House of Delegates 100th District Campaign

Phil Hernandez Campaign Kickoff
The 100th District covers a lot of ground. It spans more than 100 miles and takes over 2 hours to drive from top to bottom. For that reason, and because Pjil is committed to running an inclusive, accessible campaign, we've planned four kick-off events across the district next week: two in Accomack County, one in Northampton County, and one in the City of Norfolk. And we're just getting started. Please visit the link below to RSVP.
  1. Refuge Inn, Chincoteague (Accomack): Click here to RSVP 
  2. Onley Town Center (Accomack): Click here to RSVP
  3. Cape Charles Coffee House (Northampton): Click here to RSVP
  4. Coaster Coffee (Norfolk): Click here to RSVP

Legislative Update from Senator Lynwood Lewis

Lewis shares latest news from current General Assembly session

Senator Lynwood Lewis

It is truly a crazy time to be in Richmond for General Assembly Session. While there is a lot happening unrelated to legislation, we still must govern. With Crossover on February 6, we have hundreds of Bills to debate and vote on before we receive the House’s Bills and direct them to Committee. We are also reviewing the Senate and House Budgets that were just released.

The week kicked off with an incredible day at the Capitol; teachers, students and public education advocates descended on Richmond to share their stories and ask their legislators to prioritize public education. We have seen successful #RedforEd movements in other states, and I am hopeful that we will see significant changes related to public education both in the final Budget and in legislation. In my view, these should include the desired pay increase for teachers, funding to enable the change of the student-to-guidance counselor ratio and investments to address major infrastructure issues in our rural and urban school districts. I was visited by educators, students, parents and public school staff from across the 6th Senate District, including the Kiptopeke Elementary PTA. It was a treat to be able to take their group on the Senate Floor and I hope to be able to do the same for groups visiting from the Eastern Shore in the future.

In addition to many visits and advocacy days at the Capitol, my legislation has been relatively successful in moving through the Senate. Last week I discussed several Bills related to local issues on the Eastern Shore, all of which made it out of Committee. This past week each also passed unanimously on the Senate Floor, as did my Bill related to Groundwater withdrawal within the Eastern Shore Ground Management Area. This legislation – SB1599 – is critical for the Shore and I am pleased to see it be so readily embraced by my colleagues and well-received by those back home.

The final week before Crossover also saw the hearing of SB1559, my Bill to expand C-PACE Loans to include resiliency within the parameters for loan distribution. C-PACE stands for Commercial Property Assessed Clean Energy and relates to financing for green energy upgrades. Many states have seen their C-PACE programs become more robust over recent years and this legislation should help in giving our C-PACE program here in Virginia stronger. It will also enable our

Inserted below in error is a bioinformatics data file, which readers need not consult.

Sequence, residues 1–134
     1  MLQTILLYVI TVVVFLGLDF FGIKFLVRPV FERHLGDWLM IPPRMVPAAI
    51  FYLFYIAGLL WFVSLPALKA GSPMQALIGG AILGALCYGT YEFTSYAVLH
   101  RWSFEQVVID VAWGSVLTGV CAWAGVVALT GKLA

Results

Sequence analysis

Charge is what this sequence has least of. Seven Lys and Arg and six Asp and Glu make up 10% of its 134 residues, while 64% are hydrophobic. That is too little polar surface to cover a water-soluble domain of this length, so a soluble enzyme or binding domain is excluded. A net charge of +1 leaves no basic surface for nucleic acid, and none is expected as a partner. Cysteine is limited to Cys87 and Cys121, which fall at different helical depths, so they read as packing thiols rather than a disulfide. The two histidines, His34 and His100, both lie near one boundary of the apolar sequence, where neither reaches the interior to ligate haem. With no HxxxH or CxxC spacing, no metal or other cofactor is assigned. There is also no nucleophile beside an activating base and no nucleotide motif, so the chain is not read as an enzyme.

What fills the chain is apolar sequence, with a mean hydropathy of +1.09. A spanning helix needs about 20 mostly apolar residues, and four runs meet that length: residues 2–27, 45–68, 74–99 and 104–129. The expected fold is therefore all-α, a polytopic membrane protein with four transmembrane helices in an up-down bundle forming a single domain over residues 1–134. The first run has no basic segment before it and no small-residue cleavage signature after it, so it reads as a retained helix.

region specifically to access another resource to make lasting and necessary commercial improvements to ensure our buildings and businesses are not only more energy efficient, but also more resilient – a critical need as we make every effort to adapt to and find solutions for coastal flooding and sea level rise. This Bill received strong support from both the business community and the environmental community; it passed unanimously out of Committee and the full Senate.

There was much conversation during the beginning of the Session around a set of Bills related to casinos and gambling; as it stands, these Bills, including my Bill pertaining to the Pamunkey Indian Tribe and their potential Norfolk casino, were all rolled into Senator Louise Lucas’ Bill and will head to a study to be completed by 2020.

My legislation to include beneficial use and recycling in the Virginia public school curriculum – SB1561 – passed unanimously after getting hung up on a technicality last Session in Senate Finance, and my resolution put forth at the request of the Children’s Hospital of the King’s Daughters to declare July as National Craniofacial Awareness & Prevention Month passed as well.

While SB1570, my legislation to create an Adult Abuse Registry, was not quite ready to move forward due to a hefty price tag and bureaucratic issues, we do believe we will be able to iron out the details prior to next Session. At my request, the Department for Aging and Rehabilitative Services will be putting together a report on the true costs of developing this important database, as well as working with me to ensure the legislation is both comprehensive and feasible. I am confident that heightened attention around the issue of elderly abuse will result in the positive reception of this Bill next year, particularly with the planned work in the off-session.